Never done 3D at a football games.

Apparently, the fine folks at ESPN do not read the Clog. Shame, because if they had, they’d be aware that 3D technology has been proven to cause “eyestrain, fatigue and headaches,” all of which we’re not really that fond of.

As if watching movies in 3D doesn’t suck enough, ESPN 3D has announced that two Cal football games — Oct. 6 at Oregon and Oct. 13 against USC — will broadcast in 3D.

To see the games, you’ll need a very pricey 3D-ready TV, meaning you can’t just sit at a bar wearing flimsy 3D glasses and expect anything to happen (although that would be extremely amusing to see). read more »


3077501478_5b2e100d0cDroid addicts, take heed — too much of that technology could be bad for your health. Just ask Martin S. Banks, UC Berkeley optometry and visual science professor and author of “The Zone of Comfort: Predicting Visual Comfort with Stereo Displays.”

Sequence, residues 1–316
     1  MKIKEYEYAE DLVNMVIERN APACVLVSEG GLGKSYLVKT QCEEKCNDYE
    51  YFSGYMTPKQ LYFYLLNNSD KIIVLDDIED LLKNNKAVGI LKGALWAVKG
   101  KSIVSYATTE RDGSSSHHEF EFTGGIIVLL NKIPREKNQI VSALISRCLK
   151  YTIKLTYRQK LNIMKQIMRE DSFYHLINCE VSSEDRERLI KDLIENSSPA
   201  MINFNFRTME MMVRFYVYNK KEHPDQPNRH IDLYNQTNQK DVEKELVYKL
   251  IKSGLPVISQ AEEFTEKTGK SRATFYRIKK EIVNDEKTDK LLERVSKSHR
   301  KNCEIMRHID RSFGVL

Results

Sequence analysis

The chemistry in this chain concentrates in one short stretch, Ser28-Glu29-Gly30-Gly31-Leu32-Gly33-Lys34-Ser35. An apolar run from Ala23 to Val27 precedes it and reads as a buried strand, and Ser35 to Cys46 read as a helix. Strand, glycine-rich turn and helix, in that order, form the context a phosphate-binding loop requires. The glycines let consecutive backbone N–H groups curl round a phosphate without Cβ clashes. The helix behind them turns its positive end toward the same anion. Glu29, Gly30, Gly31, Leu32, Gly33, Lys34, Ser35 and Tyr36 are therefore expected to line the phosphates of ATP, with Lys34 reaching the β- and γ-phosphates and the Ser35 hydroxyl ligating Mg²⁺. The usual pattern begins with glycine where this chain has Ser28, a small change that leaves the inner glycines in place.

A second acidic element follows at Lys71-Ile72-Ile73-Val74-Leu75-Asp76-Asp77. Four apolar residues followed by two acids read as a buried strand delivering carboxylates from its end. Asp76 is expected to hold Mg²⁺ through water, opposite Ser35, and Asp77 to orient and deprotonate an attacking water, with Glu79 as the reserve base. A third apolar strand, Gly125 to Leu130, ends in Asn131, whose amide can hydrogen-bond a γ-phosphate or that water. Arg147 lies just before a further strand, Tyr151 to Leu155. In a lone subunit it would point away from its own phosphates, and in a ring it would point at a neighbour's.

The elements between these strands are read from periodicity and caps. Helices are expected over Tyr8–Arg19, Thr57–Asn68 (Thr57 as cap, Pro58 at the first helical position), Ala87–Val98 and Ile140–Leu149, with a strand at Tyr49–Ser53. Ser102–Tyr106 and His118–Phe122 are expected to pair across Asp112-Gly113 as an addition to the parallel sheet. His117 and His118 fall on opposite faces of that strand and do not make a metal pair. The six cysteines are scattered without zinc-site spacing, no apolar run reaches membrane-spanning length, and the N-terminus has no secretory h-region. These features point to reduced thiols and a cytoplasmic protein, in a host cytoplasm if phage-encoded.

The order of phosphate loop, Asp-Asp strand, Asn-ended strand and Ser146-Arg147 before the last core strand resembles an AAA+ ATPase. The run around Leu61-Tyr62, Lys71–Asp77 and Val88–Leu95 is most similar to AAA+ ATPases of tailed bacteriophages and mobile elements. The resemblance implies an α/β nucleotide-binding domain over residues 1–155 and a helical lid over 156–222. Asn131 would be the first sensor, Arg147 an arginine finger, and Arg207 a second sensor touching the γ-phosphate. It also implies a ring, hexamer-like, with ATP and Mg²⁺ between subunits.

According to a study conducted by Banks and his research team, the use of stereo three-dimensional devices demands a level of focus that brings about “vergence-accommodation,” which occurs when your eyes are trained on a flat screen while attempting to process 3D content at the same time.

The result? “Eyestrain, fatigue and headaches,” plus the need to tailor technology to suit consumer needs. The problem isn’t just limited to smartphones, either — 3D movies have the potential to cause just as much discomfort. So if you left “Harry Potter” with a pounding in your skull, it probably wasn’t just from sobbing hysterically into that hanky.

Image Source: louisa_catlover under Creative Commons
Smartphones Causing Tiredness, Eyestrain, Headache: Study [IB Times]